One of the highlights of adult-use legalization in New Mexico is the inclusion of public consumption areas. Pot bars will easily become tourist hotspots once the market opens next year. But how will they be implemented? And is secondhand cannabis even safe to be around?

An Issue For the Future

Ever since New Mexico legalized adult-use cannabis, debates have been firing off around zoning regulations, drugged driving, water rights and inclusive policies. But regulators, entrepreneurs and advocates have so far largely ignored the topic of public consumption areas. As more pressing issues become settled and the air has cleared some, this will likely become a hot topic when pot bars start looking to set up for business.

The Cannabis Regulation Act is one of the most progressive pieces of marijuana legislation to be passed in the nation. It legalizes the creation of cannabis consumption areas that will allow consumers to use marijuana in places other than their home. This is absolutely necessary to give pot tourists a place to legally consume the products that they purchase and could potentially deter illegal use in public areas.

But municipal and state leaders seem reluctant to charge ahead with regulations regarding the topic. For the time being, they understandably seem busy enough with more immediate concerns like projected shortages and zoning policies.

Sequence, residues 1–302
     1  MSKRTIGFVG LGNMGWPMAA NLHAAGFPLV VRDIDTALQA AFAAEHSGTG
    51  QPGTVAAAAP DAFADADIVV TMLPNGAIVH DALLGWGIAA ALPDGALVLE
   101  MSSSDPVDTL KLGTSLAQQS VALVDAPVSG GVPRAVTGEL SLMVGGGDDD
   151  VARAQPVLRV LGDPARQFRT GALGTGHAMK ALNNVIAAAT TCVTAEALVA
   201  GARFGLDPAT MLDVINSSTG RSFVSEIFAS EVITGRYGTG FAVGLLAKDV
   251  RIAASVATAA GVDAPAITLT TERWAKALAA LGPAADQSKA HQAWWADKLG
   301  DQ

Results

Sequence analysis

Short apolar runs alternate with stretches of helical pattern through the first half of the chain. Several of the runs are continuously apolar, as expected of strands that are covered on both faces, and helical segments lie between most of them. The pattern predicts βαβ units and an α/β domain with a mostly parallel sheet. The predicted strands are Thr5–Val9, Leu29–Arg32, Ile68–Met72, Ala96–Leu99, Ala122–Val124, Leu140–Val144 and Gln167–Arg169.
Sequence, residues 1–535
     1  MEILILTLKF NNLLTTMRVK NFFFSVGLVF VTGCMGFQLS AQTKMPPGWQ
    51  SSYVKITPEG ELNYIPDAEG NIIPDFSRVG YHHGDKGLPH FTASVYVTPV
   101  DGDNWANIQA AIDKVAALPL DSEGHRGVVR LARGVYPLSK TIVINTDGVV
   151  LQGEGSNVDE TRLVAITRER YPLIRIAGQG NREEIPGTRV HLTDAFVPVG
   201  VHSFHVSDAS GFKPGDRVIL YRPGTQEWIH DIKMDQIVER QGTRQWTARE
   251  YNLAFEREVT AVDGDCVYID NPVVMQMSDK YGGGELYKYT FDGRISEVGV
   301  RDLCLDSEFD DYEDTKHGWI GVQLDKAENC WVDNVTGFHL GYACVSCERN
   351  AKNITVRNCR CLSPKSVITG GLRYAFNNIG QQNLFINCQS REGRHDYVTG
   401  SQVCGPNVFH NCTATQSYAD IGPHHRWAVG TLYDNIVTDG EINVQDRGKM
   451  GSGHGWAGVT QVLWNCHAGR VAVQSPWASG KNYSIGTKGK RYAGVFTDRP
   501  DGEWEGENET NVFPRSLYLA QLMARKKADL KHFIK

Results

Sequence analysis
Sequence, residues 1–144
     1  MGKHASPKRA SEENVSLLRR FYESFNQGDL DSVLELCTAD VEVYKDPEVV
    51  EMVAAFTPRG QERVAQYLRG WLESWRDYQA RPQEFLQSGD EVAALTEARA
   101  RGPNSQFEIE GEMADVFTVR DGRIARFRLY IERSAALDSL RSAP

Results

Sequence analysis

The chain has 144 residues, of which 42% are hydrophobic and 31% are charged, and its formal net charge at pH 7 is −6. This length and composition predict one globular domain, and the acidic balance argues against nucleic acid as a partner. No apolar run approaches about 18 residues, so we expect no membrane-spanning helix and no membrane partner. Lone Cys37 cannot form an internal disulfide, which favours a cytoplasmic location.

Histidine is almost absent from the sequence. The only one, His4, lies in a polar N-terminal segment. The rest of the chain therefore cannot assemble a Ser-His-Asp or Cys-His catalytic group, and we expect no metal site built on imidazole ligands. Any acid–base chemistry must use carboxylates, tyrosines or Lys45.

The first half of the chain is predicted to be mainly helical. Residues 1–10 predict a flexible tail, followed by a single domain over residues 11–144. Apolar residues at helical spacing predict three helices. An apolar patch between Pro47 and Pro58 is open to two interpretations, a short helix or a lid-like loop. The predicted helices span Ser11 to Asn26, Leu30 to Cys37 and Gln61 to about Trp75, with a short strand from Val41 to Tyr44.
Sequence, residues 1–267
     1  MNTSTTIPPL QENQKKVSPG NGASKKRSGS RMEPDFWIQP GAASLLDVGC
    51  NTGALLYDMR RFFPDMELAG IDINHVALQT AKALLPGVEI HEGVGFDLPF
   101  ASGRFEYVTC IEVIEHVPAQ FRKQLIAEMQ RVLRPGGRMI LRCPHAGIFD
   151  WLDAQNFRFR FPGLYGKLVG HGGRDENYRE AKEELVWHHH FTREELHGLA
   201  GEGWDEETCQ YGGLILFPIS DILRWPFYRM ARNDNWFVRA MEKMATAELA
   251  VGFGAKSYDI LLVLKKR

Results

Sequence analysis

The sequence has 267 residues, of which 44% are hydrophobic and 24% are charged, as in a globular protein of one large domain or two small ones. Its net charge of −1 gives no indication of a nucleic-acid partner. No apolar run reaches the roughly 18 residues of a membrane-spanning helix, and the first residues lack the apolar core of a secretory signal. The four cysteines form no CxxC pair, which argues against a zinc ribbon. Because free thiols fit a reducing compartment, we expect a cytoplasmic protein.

But once the discussion starts, it’s likely that we’ll find ourselves in alien territory. No state has successfully implemented public cannabis consumption areas, and New Mexico is set to make history.

New Frontier

Consumption areas will probably present a number of safety concerns for the anti-legalization crowd. We’ll likely hear the same fears that were presented when the CRA was moving through the Roundhouse: Crime could spike, children could be exposed, drugged driving incidents could increase, et cetera.

Almost assuredly, the issue of secondhand marijuana smoke will arise. While many municipalities will be zoning cannabis businesses away from areas like schools, daycares or even churches and residential homes, New Mexico’s strong desert winds are bound to waft some of the scent of marijuana smoke into areas where citizens might complain, and anyone looking to scale back pot operations in their city will probably be taking some deep breaths as they move about town. The odor of cannabis smoke may indeed be offensive to some noses, but is it actually dangerous?

Secondhand Dangers

Much of the fear around cannabis smoke comes from what we know about tobacco smoke. According to the 2014 Surgeon General’s report, 2.5 million nonsmokers reportedly died from secondhand tobacco smoke since 1964. The clear relationship between secondhand smoke and health risks changed the face of America, causing states and municipalities to ban indoor smoking in many places.

The American Lung Association makes it pretty clear: “Smoke is smoke. When you burn something, it releases dangerous chemicals, and marijuana is no different.” The group compares smoking cannabis to smoking cigarettes, but the truth is that smoke isn’t always “smoke.” Despite sharing many of the same chemicals and characteristics, tobacco and cannabis smoke appear to have very different effects on lung health.